ENTJs and Boredom
You feel bored when you don’t have a challenge to overcome or a project to immerse yourself in. People with your personality type are typically big-picture oriented and strategic, hoping to achieve success or do something that’s never been done before. Life becomes dull when you see no opportunities for advancement and no freedom to innovate. You feel restless when you’re stuck in a conversation that has no long-term purpose or aim. Who cares what the weather is today? Who cares if someone hurt your feelings ten years ago? What are your future goals? What are your objectives? What gives your life meaning and purpose? These are the things that occupy your mind. You are concerned with progress and philosophy because you want to improve everything and understand the main purpose of life itself.
INFJs and Boredom
You feel bored when you lack a long-term vision or purpose. You tend to be single-minded and idealistic, always searching for the “one thing” that you were called to do in life. When you don’t know where you’re going in life or what that goal is you can struggle with apathy or procrastination. Focusing your energies on day-to-day tasks that will only have to be repeated tomorrow can feel draining. Being stuck in conversations that focuses on surface-level actualities rather than deeper, more authentic issues can make you restless. When you have a long-term goal or a symbol or vision to work towards you’re inspired and can work for sustained periods of time. If your life is repetitive and focused mainly on short-term gains you find it harder to stay engaged.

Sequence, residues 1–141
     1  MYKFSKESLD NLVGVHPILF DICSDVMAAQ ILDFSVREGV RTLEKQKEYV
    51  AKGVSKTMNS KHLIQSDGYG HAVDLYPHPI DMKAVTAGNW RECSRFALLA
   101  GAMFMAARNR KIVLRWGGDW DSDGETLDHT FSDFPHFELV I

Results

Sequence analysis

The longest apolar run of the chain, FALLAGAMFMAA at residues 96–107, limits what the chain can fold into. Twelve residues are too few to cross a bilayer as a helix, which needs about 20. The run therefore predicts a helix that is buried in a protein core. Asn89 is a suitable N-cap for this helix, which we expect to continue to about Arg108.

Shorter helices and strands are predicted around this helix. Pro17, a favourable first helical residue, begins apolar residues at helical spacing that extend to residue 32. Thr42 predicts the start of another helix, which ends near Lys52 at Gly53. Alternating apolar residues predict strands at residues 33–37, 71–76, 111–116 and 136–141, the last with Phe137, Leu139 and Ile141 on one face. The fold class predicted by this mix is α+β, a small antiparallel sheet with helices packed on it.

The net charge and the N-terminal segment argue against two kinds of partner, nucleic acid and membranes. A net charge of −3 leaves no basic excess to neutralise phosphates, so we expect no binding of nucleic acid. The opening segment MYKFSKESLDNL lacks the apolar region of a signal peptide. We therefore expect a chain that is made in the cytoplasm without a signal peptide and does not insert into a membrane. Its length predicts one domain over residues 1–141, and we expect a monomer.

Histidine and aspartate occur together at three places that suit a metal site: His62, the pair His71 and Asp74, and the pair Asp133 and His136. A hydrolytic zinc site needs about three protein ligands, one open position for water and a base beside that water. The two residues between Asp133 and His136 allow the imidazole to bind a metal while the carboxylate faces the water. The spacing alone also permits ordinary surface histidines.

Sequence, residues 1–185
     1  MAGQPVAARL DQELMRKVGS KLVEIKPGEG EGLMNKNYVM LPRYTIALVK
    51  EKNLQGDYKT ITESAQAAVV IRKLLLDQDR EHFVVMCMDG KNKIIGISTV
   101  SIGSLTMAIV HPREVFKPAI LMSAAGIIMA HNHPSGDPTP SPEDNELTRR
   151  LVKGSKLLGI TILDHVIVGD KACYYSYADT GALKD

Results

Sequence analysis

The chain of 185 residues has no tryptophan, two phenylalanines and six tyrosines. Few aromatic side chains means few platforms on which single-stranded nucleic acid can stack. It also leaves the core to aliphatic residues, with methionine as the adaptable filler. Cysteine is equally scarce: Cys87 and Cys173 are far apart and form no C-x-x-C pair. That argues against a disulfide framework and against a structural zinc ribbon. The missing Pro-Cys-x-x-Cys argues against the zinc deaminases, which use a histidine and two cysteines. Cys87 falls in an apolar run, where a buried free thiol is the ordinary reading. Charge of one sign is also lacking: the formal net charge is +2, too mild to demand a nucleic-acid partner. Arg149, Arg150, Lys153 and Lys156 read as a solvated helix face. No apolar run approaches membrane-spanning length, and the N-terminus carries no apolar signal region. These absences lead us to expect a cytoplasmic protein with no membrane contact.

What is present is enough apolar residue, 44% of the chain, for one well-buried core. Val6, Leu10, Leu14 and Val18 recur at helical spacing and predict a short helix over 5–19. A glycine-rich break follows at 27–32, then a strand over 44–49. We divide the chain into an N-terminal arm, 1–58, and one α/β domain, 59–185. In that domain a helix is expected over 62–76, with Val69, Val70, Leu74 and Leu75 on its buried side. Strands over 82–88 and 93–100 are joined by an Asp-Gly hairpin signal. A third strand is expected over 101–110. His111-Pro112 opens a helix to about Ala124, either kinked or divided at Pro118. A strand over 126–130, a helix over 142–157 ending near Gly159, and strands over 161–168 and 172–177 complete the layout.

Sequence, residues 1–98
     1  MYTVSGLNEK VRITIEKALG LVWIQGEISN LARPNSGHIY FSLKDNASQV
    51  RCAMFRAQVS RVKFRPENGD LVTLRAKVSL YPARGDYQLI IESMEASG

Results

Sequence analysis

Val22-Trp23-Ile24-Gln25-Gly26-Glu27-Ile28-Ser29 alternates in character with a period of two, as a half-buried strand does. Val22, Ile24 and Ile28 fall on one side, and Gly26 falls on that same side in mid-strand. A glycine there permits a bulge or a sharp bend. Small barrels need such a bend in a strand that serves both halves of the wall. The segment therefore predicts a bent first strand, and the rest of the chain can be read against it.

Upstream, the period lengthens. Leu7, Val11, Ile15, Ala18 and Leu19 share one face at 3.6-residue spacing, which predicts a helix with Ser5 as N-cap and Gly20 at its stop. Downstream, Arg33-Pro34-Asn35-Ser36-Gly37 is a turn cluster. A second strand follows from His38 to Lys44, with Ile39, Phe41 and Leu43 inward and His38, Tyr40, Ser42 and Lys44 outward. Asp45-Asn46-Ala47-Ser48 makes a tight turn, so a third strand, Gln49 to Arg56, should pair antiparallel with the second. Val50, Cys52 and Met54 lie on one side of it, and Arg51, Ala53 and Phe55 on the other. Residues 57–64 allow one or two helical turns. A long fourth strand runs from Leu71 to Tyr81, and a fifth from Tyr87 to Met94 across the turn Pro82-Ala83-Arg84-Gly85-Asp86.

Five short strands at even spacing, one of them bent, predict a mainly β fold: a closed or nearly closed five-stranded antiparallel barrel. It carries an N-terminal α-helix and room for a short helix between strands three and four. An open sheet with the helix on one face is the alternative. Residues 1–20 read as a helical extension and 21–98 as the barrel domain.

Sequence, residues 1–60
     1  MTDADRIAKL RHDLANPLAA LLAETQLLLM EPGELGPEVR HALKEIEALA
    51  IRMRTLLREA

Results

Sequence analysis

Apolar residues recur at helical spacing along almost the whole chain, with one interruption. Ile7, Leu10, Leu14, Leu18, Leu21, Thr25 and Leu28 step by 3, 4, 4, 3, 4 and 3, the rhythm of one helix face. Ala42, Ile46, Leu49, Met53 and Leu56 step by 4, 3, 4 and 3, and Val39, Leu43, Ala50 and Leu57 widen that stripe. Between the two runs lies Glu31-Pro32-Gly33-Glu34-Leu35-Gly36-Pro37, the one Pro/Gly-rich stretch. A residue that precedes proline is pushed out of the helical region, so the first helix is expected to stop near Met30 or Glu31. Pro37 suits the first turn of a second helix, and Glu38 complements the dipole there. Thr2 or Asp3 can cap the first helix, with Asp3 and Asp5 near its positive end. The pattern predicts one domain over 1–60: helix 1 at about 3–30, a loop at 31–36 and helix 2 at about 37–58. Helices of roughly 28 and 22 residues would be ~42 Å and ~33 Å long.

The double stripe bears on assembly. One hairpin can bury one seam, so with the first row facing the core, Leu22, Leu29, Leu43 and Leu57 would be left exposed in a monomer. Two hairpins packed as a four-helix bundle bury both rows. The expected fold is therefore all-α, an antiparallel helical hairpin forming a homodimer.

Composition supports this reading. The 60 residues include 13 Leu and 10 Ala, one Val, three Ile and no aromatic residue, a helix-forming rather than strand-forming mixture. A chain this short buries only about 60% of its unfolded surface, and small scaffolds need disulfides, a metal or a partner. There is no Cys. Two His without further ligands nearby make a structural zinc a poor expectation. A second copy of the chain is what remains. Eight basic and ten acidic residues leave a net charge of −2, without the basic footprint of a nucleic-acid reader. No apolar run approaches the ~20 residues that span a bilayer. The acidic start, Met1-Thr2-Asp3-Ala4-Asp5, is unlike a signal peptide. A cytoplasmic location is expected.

Read This Next: The Struggles of Being an INFJ Child
INTJs and Boredom
As an INTJ you feel the most bored when you have to focus on concrete details that have no long-term significance. You were probably the kid in school who detested the repetition because having to think the same thought, in the same way, more than once felt like mental assassination. You want to be mentally challenged and given a steep learning curve throughout your life. You want to constantly progress and work steadily towards a long-term goal. Having no opportunity or room for achievement causes you to feel restless and dissatisfied. Having to focus all your energy on the moment at hand rather than the future you want to realize can be draining for you. This is because you are naturally wired to envision long-term possibilities and implications. You are mentally programmed to want to achieve goals and organize your world for effectiveness. Once you find your vision and you have the independence and means to achieve it you will feel that boredom disappears.